Environmental and hormonal regulation of epigenetic enzymes in the hypothalamus

T. J. Stevenson

Research output: Contribution to journalArticlepeer-review

15 Citations (Scopus)


Neuroendocrine structures integrate a vast range of external cues and internal signals that, in turn, result in adaptive physiological responses. Emerging data indicate that light, social cues, stress and energy balance stimulate relatively short- as well as long-term genomic modifications in discrete neuroendocrine structures, which are mediated by epigenetic mechanisms. Moreover, environmentally-induced fluctuations in the synthesis of local hypothalamic and circulating hormones provide an internal signal that contributes to the extensive neuroendocrine genomic plasticity. This review examines the impact of environmental stimuli and endogenous hormonal signals on the regulation of epigenetic enzymes in key neuroendocrine structures. The data discussed are predominantly derived from studies in the neuroendocrine control of seasonal reproduction and the impact of social stress in rodent models. The perspective presented considers the role of estrogen and glucocorticoids as the primary catalysts for inducing epigenetic modifications (e.g., DNA methylation) in specific neuroendocrine structures. Estrogen and glucocorticoid actions suggest: 1) a preferential action for specific epigenetic enzymes and 2) nucleus- and cell-specific modifications. Untangling the complex web of hormonal regulation of methylation and acetylation will enhance our understanding of short- and long-term changes in epigenetic enzymes that generate adaptive and pathological neuroendocrine responses.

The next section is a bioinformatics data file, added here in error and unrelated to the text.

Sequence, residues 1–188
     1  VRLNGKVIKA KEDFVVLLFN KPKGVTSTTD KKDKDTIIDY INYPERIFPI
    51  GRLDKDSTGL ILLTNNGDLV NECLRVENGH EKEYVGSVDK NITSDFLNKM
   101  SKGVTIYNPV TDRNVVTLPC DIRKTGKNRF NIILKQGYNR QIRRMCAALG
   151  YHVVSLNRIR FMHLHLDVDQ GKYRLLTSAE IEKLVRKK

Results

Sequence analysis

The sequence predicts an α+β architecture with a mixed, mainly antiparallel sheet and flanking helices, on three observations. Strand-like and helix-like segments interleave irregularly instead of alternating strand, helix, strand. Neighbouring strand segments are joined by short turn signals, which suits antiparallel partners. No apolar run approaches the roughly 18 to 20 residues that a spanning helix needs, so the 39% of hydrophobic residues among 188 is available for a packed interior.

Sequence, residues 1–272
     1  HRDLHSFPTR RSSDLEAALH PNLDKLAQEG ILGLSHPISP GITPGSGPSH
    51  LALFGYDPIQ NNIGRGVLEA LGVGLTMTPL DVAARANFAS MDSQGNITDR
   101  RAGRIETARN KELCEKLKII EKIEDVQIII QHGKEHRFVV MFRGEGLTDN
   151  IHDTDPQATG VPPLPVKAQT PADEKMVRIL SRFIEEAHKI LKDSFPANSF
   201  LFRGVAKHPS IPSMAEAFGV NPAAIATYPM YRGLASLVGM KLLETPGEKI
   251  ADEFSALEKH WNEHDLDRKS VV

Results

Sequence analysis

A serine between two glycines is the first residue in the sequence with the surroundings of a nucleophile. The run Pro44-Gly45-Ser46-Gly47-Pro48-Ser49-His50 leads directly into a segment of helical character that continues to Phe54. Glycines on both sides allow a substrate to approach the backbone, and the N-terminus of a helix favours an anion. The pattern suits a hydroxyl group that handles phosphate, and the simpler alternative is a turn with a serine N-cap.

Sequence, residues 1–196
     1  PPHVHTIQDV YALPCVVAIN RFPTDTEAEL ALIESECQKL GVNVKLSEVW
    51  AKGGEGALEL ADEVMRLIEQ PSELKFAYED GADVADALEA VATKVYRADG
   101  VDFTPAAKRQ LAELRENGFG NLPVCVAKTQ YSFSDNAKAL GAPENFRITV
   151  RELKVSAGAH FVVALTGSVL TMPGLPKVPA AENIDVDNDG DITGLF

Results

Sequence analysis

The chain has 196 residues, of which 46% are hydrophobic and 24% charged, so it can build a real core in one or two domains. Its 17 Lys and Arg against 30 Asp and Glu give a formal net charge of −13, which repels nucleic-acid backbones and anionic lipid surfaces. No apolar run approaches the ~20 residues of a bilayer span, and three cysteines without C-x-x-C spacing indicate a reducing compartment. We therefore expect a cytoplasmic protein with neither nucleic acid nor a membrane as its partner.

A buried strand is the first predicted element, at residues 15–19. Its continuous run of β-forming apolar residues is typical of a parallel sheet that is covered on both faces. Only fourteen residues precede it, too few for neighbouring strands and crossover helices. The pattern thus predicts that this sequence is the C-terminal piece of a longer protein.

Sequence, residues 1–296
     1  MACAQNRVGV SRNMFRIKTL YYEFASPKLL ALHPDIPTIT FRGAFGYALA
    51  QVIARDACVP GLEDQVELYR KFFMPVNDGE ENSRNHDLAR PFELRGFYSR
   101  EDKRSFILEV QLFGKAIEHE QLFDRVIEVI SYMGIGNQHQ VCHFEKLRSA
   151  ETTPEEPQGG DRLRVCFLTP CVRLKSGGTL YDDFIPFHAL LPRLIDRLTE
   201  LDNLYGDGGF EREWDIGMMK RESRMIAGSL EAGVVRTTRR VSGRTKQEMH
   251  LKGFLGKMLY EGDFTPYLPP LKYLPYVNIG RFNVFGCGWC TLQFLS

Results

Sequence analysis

Original languageEnglish
Pages (from-to)1-9
Number of pages9
JournalJournal of Neuroendocrinology
Issue number5
Early online date5 May 2017
Publication statusPublished - May 2017

Bibliographical note

This review is based in part on the 2016 British Society for Neuroendocrinology Mick Harbuz Lecture presented by TJS at the annual meeting in Glasgow, UK. Many past and current colleagues have provided valuable advice and helpful discussions, including Scott MacDougall-Shackleton, Gregory Ball, Brian Prendergast, Gerald Lincoln, Perry Barrett and Fran Ebling. Perry Barrett and Brian Prendergast are thanked for their comments on a previous version of the manuscript, as are the three reviewers for their constructive input. Ms Pat Bain in the Rowett Institute is also thanked for the illustrations used in Figure 1, as well as in the Supporting information (Figure S1).


  • acetylation
  • hormone
  • methylation
  • photoperiod
  • stress


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